It's official! If you are interested in Walsh's Advanced Nutrient Therapy and are in Vermont, Quebec, Upstate New York, or potentially parts of New Hampshire, I'm your doc. I've been administering the protocols since I came back from the conference at the beginning of May, but this puts me on the WRI website so that people who are looking for this type of successful therapy, they can find me.
If you're interested in William Walsh, PhD or his therapies that he developed alongside Carl Pfeiffer, MD, check out the website for the Walsh Research Institute.
If you've seen me already, you know I talk a lot about copper, especially in women. All those high estrogen conditions like heavy menses, cramping, endometriosis, fibroids, post partum depression, PMS/PMDD, etc. can all be due to copper. But where is it coming from?
Exogenous hormones used for birth control elevate your body's copper levels. Women who feel terrible on oral contraceptive pills, shots, implants, ring, IUD, and patches, are the most likely candidates.
Copper sulfate is an algaecide, bactericide, desiccant, fungicide, and herbicide. It gets sprayed on fruits and vegetables, even organic, and especially grapes. It's also in Centrum and similar one-a-day multivitamins as a source of copper. Municipal water sources use it to kill off various microbes and algae, and public swimming pools use it too.You could also get it from copper pipes and pans.
For people with adequate zinc, gall bladder function, vitamin A, and ceruloplasmin (a blood protein that binds to copper), you might not have any problems. The more dysfunctions and nutrient insufficiencies you have, the more problems you will see related to copper. And, it's not just about being "within normal range". You could have a completely normal copper, normal ceruloplasmin, but a really high free copper or free copper index. These calculations show us that you can have elevated production of Norepinephrine, which will make you more anxious or manic. And, because copper is Cu++ in the blood, it is very pro-oxidative and can cause a lot of damage.
Lowering your free copper is possible with appropriate nutrient supplementation.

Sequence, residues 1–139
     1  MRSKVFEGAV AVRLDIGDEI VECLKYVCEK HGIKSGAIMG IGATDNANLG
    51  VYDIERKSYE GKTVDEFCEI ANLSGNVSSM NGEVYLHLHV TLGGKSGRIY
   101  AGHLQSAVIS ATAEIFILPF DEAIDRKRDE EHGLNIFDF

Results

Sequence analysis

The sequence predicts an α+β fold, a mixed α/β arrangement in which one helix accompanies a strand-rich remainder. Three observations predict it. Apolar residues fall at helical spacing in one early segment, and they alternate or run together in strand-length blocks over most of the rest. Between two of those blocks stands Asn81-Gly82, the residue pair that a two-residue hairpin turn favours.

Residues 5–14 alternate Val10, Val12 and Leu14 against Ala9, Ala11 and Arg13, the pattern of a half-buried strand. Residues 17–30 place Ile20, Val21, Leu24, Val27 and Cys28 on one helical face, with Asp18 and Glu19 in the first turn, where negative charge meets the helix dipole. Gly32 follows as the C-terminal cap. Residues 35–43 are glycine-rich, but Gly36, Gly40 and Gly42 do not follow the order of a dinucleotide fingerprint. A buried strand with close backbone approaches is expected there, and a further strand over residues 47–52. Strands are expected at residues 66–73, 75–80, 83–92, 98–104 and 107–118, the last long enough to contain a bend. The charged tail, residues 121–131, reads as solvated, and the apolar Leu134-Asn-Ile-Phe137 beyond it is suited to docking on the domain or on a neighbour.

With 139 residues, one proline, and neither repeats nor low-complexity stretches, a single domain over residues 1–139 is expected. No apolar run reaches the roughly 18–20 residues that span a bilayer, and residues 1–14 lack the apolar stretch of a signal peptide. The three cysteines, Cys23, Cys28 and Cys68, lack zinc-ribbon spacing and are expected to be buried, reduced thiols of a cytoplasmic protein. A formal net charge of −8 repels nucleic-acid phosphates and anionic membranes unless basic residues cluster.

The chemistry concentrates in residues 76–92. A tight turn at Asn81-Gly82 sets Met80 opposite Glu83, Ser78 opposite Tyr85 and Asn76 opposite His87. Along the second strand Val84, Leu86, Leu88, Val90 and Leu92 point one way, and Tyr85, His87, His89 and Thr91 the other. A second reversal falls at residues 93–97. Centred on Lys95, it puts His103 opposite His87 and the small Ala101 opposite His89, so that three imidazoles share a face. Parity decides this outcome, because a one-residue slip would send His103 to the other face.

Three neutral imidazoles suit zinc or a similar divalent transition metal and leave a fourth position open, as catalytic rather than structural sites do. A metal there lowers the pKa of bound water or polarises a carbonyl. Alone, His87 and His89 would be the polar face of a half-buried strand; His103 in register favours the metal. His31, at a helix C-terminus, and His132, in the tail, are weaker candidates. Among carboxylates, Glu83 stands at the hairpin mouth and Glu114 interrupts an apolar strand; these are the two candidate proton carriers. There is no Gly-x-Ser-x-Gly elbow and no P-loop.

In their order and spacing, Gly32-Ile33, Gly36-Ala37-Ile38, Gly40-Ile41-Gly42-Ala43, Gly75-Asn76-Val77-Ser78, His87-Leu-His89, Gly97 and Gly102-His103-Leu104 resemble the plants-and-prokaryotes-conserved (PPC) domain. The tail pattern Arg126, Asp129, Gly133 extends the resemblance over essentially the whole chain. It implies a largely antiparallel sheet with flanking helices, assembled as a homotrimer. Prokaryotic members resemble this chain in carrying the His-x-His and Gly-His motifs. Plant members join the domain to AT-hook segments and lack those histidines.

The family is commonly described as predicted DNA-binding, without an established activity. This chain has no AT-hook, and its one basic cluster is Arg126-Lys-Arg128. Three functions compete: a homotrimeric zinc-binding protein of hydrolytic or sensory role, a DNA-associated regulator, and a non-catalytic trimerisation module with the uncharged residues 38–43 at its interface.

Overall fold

Sorry for the very technical post, but I've had two different MDs tell my patients that I was wrong regarding the testing and interpretation of copper and ceruloplasmin and resulting concern of the possibility of Wilson's Disease (WD).
Wilson's Disease is a genetic condition in which the body makes too little of a protein called ceruloplasmin. The result is that the body can't keep copper in the blood and it ends up getting deposited into the liver, brain, and eye tissue.
But here is what they are misinterpreting:
- Ceruloplasmin levels are LOW in WD
- Serum copper levels are LOW in WD
- *this is the part where they are confused* FREE copper levels are normal or HIGH in WD. So these physicians are telling my patients that they could not possibly have WD because they have low serum copper. Again, serum copper is not the same as free copper.
Labs report *serum copper* and usually not *FREE* copper (I've seen it calculated on some alternative labs). Free copper is a calculation in which the ceruloplasmin (in mg/dL) is multiplied by 3; this value is then subtracted from the total serum copper level (in μg/dL). When the result is above 25 μg/dL, AND the person has low ceruloplasmin, AND low serum copper, I send them to an opthalmologist to have a slit-lamp test to look for Kayser-Fleischer rings, a keynote symptom in many WD patients.
This scenario doesn't happen often, but it does happen. If you have an MD who doesn't understand the difference, I'd be happy to explain it to them.
Spotted Jewelweed (Impatiens biflora) is an invaluable tool when out in the woods hiking. The saponins found in the stem or leaves can emulsify and diminish the damage caused by poison ivy. It's also great for bug bites, rashes from stinging nettles, burns, cuts, acne, eczema, fungal infections, or any other skin irritation.